The investigation Riot Games commissioned into its CEO, Nicolo Laurent, has found no evidence of misconduct or sexual harassment, following allegations made by his former assistant earlier this year.
Statements from both the Special Committee of Riot's Board of Directors and Laurent himself were shared with employees yesterday, detailing the results on this inquiry.
These have since been shared on Riot's website, with the company noting that it does not usually discuss individual cases so publicly but the serious nature of the allegations and attention they have since attracted warrants an exception.
The investigation follows a lawsuit against the firm filed by Sharon O'Donnell, formerly executive assistant to Laurent, who accused the CEO of sexual discrimination, harassment, failure to pay wages and unfair dismissal.
Riot Games has also requested that the court accelerate or reconsider the current schedule of proceedings, accusing O'Donnell of attempting to tamper with witnesses.
Following O'Donnell's original claims, the Special Committee contracted external law firm Seyfarth Shaw to investigate these claims. Laurent remained in place as CEO, continued his day-to-day duties and is said to have offered his full co-operation.
Seyfarth Shaw was tasked with exploring whether there was any evidence of inappropriate conduct, and whether interactions between Laurent and O'Donnell "could have been interpreted as harassing, discriminatory or retaliatory."
In its statement, the committee said there was no evidence to support O'Donnell's claims and recommended that no action should be taken against the CEO.
"This is not a recommendation we take lightly," the committee added. "In cases involving high-ranking executives, we recognise that power dynamics can often give rise to behaviors and biases that infect the experiences of others within the organisation in toxic ways.
"Moreover, in many such cases, reaching a conclusion about these kinds of allegations can be difficult. Most cases of this nature are not black and white; they fall into the grey. However, this was not one of those cases. In this case, we were simply unable to find any evidence that would justify a sanction of any kind against Laurent."
The committee added the caveat that if any additional evidence comes to light, it will request that Riot reopens the investigation. For now, however, it considers the investigation closed.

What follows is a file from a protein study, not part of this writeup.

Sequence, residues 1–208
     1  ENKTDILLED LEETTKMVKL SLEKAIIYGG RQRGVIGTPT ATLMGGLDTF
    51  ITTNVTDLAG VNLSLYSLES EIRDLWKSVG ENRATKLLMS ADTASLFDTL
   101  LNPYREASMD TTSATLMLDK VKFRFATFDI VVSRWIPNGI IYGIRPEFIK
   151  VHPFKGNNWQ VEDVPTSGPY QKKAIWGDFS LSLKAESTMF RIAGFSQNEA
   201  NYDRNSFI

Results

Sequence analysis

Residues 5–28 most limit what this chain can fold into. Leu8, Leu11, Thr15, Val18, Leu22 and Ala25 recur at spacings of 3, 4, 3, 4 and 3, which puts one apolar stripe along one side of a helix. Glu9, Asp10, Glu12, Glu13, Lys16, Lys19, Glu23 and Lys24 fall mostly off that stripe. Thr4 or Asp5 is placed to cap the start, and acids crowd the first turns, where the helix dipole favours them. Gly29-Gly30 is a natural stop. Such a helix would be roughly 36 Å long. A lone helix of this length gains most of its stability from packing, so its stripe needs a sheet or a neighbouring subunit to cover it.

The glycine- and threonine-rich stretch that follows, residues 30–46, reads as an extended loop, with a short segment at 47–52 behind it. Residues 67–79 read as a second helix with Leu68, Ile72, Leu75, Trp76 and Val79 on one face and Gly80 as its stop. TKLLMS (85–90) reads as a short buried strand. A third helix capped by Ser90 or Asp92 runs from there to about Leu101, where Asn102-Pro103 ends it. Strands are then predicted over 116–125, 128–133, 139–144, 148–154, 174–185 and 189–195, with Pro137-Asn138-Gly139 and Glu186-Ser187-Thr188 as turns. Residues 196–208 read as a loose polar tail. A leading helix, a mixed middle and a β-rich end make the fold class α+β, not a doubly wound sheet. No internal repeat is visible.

The Special Committee was formed in 2018, following an exposé into the toxic culture of abuse and harassment reported by multiple employees.
The Washington Post, which first acquired these statements, notes that it is formed of three people: Youngme Moon, a professor at Harvard Business School, and two C-level execs from Riot owner and Chinese internet giant Tencent.
It also adds that Seyfarth Shaw is a separate firm from the one representing Riot in court against O'Donnell, which is Gibson, Dunn & Crutcher.
Riot Games added its own statement, which thanked employees for their patience and promised it will "use every legal avenue at our disposal to see this case through and ensure that Riot and Nicolo are absolved."
In his letter to employees, Laurent said any allegations of harassment, discrimination and retaliation involving him are not true, adding: "Nothing of that nature, or even remotely close to it, ever happened."
He added that, had evidence proven O'Donnell's claims to be true, the board of directors would have fired him following a recommendation from the Special Committee.
He also explained why he has not commented on the matter since the accusations were first made.
"Although I've wanted to address your questions directly, it's really important that any allegations of this nature are thoroughly investigated without bias, and without exception," he wrote.
"My words carry weight as CEO, and speaking to the allegations could have unintentionally impacted the investigation before it was done and before the Special Committee made its decision."
On the same day Riot Games shared this statement, the company also filed with the Los Angeles County Superior Court requesting a status conference, accusing O'Donnell of witness tampering.
According to court documents seen by GamesIndustry.biz, Riot claims to have evidence that the plaintiff offered to pay someone to testify in her favour, and that someone claiming to be her lawyer's assistant has been threatening another person to convince them to join the lawsuit.
She also allegedly provided the contact information for witnesses to the press, which resulted in those people suffering harassment.
Both parties are not due to appear before the court until April 27 but in light of these alleged actions, Riot Games is calling for a status conference so judge can advise how this case should proceed.
GamesIndustry.biz has contacted Sottile Baltaxe, O'Donnell's legal representatives, for comment.
Throughout this filing, Riot Games makes several references to arbitration, claiming O'Donnell signed an arbitration agreement with Riot but adding that it is unable to take the case before an arbitrator at this time.
It's worth noting the company has repeatedly tried to move a class action lawsuit from several former employees over gender discrimination and sexual harassment out of courts and into individual arbitration, citing similar agreeements.
The former Riot staff involved in this case -- of which O'Donnell is not one -- were offered $10 million in a preliminary settlement. But the Department of Fair Employment and Housing intervened, potentially increasing this to over $400 million.